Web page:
“If I’m right, and the people do support it, we’re going to be addressing this in the session,” Sisolak said. (Photo: Dana Gentry)
Gov. Steve Sisolak says a proposed ballot measure championed by Culinary Local 226 could lead to legislative action on rent control.
“It’s going to be interesting how this plays out on the ballot,” Sisolak said during an interview after a Thursday morning rally at North Las Vegas City Hall, where Culinary members prepared to turn in thousands of signatures gathered in support of a measure to limit rent increases to a maximum of 5% or the cost of living, whichever is less. “I think there’s an awful lot of support for this. And if I’m right, and the people do support it, we’re going to be addressing this in the session.”
Nevada is suffering an affordable housing crisis. The median price of a home in Las Vegas in May was $482,000, up 25% from a year ago, according to Las Vegas Realtors. The median price of a home in the Reno/Sparks area was $605,000, up 23% from last year.
Rents in North Las Vegas have increased by almost 30% since 2019, according to the Culinary, which says its Neighborhood Stabilization measure is needed to keep residents from being “pushed out of their homes” by Wall Street investors.
Median hourly wages in Southern Nevada rose 5% from 2019 to 2021, according to the Bureau of Labor Statistics.
“Any initiative to cap rents has never provided sound and effective solutions, and the Culinary Union’s refusal to meet with the rental housing industry will negatively impact North Las Vegas, its residents and its economic diversification efforts,” Susy Vasquez of the Nevada Apartment Association said in a statement. “We realize that rents have been increasing faster than incomes and that many Nevadans are struggling to pay their bills. Today’s rapid inflation adds uncertainty for Nevadans, and for the entire rental housing industry.”
“We are starting in North Las Vegas, but make no mistake – this is a statewide initiative,” Clark County Commissioner William McCurdy told union members at the rally.
Sisolak said he believes local government officials, including his former colleagues on the Clark County Commission, can institute rent control, a right previously believed to be in the purview of state lawmakers alone, thanks to Dillon’s Rule, a concept named for Judge John F. Dillon, an Iowa Supreme Court justice who ruled in the 1860s that local governments, as agencies of the state, possess only those powers granted to it by the state.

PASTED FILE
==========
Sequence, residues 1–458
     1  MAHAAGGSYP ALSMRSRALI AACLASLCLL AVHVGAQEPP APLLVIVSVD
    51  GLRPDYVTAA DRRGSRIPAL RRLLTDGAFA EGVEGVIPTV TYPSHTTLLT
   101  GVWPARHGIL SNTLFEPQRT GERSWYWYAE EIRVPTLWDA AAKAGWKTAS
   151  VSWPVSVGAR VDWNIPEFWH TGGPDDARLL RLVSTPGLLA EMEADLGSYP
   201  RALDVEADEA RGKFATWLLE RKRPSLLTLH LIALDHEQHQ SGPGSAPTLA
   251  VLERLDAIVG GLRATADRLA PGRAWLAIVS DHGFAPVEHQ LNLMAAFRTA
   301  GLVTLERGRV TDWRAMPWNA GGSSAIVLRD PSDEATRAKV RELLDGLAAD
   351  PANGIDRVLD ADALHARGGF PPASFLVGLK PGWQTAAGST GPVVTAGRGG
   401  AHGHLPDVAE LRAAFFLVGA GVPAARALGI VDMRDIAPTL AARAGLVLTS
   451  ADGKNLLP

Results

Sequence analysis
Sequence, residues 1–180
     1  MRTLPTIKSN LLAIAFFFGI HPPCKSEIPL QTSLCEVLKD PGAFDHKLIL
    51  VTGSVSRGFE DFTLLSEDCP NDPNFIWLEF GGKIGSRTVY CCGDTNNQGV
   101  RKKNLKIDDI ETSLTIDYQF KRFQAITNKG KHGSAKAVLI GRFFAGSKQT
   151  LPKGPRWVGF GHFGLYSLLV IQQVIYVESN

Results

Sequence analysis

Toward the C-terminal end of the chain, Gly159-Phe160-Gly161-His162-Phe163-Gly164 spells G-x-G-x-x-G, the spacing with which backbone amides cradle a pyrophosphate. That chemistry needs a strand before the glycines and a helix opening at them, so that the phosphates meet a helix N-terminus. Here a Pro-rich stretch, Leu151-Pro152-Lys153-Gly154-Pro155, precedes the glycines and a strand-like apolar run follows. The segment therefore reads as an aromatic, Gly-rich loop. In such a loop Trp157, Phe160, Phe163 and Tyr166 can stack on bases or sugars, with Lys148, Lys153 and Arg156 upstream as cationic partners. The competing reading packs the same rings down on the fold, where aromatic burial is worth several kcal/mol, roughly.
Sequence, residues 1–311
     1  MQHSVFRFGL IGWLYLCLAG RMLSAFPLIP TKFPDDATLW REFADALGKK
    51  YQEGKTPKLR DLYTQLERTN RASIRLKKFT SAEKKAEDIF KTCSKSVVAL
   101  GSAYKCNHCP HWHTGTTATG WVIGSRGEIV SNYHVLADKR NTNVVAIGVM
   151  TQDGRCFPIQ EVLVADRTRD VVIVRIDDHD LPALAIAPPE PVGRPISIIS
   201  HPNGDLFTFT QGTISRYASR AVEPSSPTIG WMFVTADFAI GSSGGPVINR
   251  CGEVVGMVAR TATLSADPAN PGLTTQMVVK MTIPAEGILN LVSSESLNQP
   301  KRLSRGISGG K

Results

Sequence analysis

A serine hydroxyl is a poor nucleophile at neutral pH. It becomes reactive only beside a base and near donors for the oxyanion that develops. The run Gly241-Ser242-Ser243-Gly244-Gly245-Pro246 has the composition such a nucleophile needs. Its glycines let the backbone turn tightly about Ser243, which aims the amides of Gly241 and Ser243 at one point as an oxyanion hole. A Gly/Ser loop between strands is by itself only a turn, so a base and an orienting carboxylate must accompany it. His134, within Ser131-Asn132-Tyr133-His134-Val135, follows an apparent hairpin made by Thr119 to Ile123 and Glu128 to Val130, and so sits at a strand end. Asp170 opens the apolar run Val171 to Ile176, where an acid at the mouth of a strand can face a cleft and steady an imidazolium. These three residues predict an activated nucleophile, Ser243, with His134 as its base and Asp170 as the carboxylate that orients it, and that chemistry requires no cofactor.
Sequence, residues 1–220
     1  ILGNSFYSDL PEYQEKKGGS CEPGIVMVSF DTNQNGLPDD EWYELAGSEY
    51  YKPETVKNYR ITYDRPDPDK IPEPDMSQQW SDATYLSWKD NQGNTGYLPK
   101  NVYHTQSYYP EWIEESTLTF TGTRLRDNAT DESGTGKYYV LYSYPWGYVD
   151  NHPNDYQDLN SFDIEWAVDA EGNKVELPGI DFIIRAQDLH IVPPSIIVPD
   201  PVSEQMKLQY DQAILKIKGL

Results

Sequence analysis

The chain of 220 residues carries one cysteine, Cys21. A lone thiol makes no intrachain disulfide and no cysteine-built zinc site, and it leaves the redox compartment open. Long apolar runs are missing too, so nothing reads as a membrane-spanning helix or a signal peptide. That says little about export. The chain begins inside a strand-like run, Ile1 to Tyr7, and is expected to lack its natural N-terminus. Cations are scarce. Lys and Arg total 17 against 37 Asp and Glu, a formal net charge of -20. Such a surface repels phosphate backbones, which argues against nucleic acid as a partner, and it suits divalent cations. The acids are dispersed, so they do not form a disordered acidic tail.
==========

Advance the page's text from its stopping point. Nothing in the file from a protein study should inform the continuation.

Nevada is a Dillon’s Rule state, but in 2015, a legislative measure relaxed the state’s grip on local governments, granting them the power to act on issues of local concern.
“I do believe they have the ability to do this at the county commission. Given that opportunity we’ll see if they can run with it,” Sisolak said.
The governor said “everything is on the table” when it comes to affordable housing. He did not rule out legislation imposing requirements on developers to build affordable housing components in exchange for the right to build.
“We’re going to have to address this issue, clearly,” he said. “I don’t know all the answers.”
The Culinary Union says long-time residents and senior citizens on fixed incomes are turning to public assistance or being evicted from their homes in North Las Vegas following rent increases averaging 30% since 2019. Union officials say rising rents make saving for a down-payment impossible. Additionally, students and schools suffer because of turnover.
“You deserve a better quality of life than we’re giving you right now, but I promise you, we’re going to do better,” Sisolak said to children attending the Culinary rally. “You deserve better.”
Sisolak noted his administration earmarked $500 million in pandemic relief funding to be used for affordable housing, including money to retrofit homes of seniors with ambulatory issues.
“I’m not gonna act like we’re done,” he said. “We’re going to build 1,700 units but we need 80,000 units in the state to meet our needs.”
The governor decried “out of state speculators coming in buying up homes in our neighborhoods and raising the rent and raising the rents and raising the rents,” adding “each and every one of you should have a chance at the American Dream.”
Rep. Steven Horsford, a Democrat whose congressional district includes North Las Vegas, told union members he’s introducing federal legislation – the Housing Oversight, Mitigation and Exploitation Act (HOME Act) to assess penalties against investors who exploit renters and put money into a fund to be used for affordable housing.
Horsford said investors are targeting minority communities.
The Washington Post reported in April that the majority of Black and Latino families in America are renters. More than 7,000 members of the Culinary Union live in North Las Vegas, according to the union. Of those, 63% are Latino and 18% are Black.
“It’s going to hold those out-of-state corporate investors responsible for gouging my constituents,” Horsford said.
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